Court-appointed attorneys representing poor defendants in New York are pushing for their first raise in 15 years as their caseloads are set to increase because of new criminal justice reforms.
Rates for these private, court-assigned attorneys were fixed at $75 an hour for felonies or children defendants and $60 an hour for misdemeanors in 2004.
Total pay for so-called “18B” lawyers – named after the law requiring legal representation for those who can’t afford to hire their own attorneys – is also capped at $4,400 per case.
“This is as hard a job as there is in the system because it’s emotionally draining…To do this work is a choice,” said attorney Brian Zimmerman, the vice president of the Assigned Counsel Association of New York State. “Its sad and hard to think that people don’t want to compensate attorneys who are holding people’s hands through difficult, dark times. It’s not valued the way it should be.”
Attorneys like Zimmerman have only gotten two raises for court-appointed work in the last 32 years. Meanwhile, court-assigned attorneys in federal courts have seen rates rise 12 times since 2004, up to $148 an hour in February.
“When the rates stay stagnant, it becomes an economic disincentive to become a lawyer to do the work for the poor and the youth,” Zimmerman said.
Caseloads increase when fewer attorneys want to do this work.
When a new state law raising the age of criminal responsibility is fully implemented next month, the problem will only get worse.
“We’re already in crisis mode, if they don’t raise the rates and the caseloads increase, it’ll have a devastating effect,” said attorney Sarah Tirgary, president of the Assigned Counsel Association of New York State. “Cases will be delayed, attorneys are going to be overflowing with cases, it’s already having a negative impact on the attorneys’ health.”
New York’s “Raise the Age” legislation amended laws that automatically processed 16 and 17-year-olds as adults, diverting most juvenile cases to Family Court and judges with access to social services. The law went into effect for 16-year-olds in October and starting next month, 17-year-olds will also be covered by the changes, too.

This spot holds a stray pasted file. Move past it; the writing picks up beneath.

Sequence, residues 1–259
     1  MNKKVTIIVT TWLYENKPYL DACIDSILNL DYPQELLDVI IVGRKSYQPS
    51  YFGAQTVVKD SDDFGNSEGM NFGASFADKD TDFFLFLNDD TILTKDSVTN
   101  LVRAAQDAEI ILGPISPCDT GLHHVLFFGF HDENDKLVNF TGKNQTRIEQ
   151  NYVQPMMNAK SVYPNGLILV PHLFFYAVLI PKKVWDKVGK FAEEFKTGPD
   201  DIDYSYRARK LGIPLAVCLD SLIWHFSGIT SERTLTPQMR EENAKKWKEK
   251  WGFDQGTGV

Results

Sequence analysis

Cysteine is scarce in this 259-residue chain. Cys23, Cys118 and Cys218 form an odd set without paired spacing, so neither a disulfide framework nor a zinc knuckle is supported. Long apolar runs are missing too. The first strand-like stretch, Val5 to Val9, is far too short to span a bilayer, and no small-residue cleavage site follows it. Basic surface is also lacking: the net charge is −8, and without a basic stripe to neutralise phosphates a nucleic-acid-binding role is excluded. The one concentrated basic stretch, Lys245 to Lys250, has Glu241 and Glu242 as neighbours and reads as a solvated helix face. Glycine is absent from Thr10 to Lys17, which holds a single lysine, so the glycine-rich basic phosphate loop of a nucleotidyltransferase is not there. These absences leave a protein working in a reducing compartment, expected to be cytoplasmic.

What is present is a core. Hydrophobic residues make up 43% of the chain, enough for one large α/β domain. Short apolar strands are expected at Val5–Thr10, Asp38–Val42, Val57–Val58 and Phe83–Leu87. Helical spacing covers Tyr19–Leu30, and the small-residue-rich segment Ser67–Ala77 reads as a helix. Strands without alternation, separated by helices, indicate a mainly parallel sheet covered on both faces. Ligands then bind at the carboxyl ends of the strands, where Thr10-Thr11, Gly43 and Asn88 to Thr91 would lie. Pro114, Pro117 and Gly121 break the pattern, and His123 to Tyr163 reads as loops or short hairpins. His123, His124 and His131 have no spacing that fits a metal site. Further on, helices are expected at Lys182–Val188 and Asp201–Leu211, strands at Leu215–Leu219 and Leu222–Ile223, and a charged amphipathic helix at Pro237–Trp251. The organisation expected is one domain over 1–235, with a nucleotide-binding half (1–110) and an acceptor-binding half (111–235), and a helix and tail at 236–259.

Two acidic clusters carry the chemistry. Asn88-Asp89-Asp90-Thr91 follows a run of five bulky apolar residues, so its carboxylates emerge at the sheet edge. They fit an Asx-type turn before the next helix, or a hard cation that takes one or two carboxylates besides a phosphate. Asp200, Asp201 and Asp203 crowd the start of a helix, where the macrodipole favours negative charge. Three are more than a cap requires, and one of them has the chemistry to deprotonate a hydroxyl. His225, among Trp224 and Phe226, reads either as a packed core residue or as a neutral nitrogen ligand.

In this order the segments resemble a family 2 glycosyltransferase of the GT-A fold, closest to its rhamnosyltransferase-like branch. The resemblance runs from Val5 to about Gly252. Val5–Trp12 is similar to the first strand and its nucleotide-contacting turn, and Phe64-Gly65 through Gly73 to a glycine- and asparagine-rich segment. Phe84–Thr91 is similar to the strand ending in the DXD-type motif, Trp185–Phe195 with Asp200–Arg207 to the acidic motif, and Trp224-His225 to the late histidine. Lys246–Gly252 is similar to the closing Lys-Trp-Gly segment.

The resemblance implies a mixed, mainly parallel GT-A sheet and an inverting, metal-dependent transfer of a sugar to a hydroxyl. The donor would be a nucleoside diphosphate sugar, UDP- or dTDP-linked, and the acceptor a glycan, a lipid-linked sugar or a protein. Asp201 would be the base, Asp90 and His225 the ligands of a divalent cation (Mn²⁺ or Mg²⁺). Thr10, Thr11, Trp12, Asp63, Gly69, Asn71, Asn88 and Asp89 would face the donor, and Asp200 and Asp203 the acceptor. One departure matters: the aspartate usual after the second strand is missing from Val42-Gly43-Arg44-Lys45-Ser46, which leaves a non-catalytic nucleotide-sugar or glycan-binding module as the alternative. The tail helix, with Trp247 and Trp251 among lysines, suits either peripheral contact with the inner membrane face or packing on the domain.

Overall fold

Attorneys say the recommended caseload is 70 but many already juggle more than that. Raising the age will increase caseloads even more.
“With criminal justice reforms we need to make sure we have competent representation for defendants otherwise they don’t work,” said state Sen. Jamaal Bailey (D-Bronx), who sponsored legislation that would raise rates. “Often they are presented with the most challenging cases… We don’t want to give the great attorneys doing this work a reason to leave because there’s more lucrative employment elsewhere.”
The legislation, introduced in the state Senate and Assembly this year, would double rates for New York’s court-appointed attorneys, to $150 an hour for felonies or children defendants and $120 an hour for misdemeanors. Compensation would also be subject to an annual “cost of living increase” calculated by the rate of inflation.
Assemblyman Joseph Lentol (D-Brooklyn), a sponsor of the legislation, said that increasing rates has been difficult because 18B puts the onus on individual counties to pay for court-appointed attorneys. He said the measure would likely have to be part of next year’s budget.
“We want people involved in cases that are experienced attorneys wanting to represent the indigent population,” Lentol said.
New York State Chief Judge Janet DiFiore called on Gov. Cuomo and state legislative leaders to increase the rate amid a “growing shortage of qualified attorneys” in February.
Spokesmen for Assembly Majority Leader Carl Heastie (D-Bronx) and Senate Majority Leader Andrea Stewart-Cousins (D-Yonkers) said they would review the legislation with their members.
A rep for Cuomo said he wouldn’t comment on proposed legislation.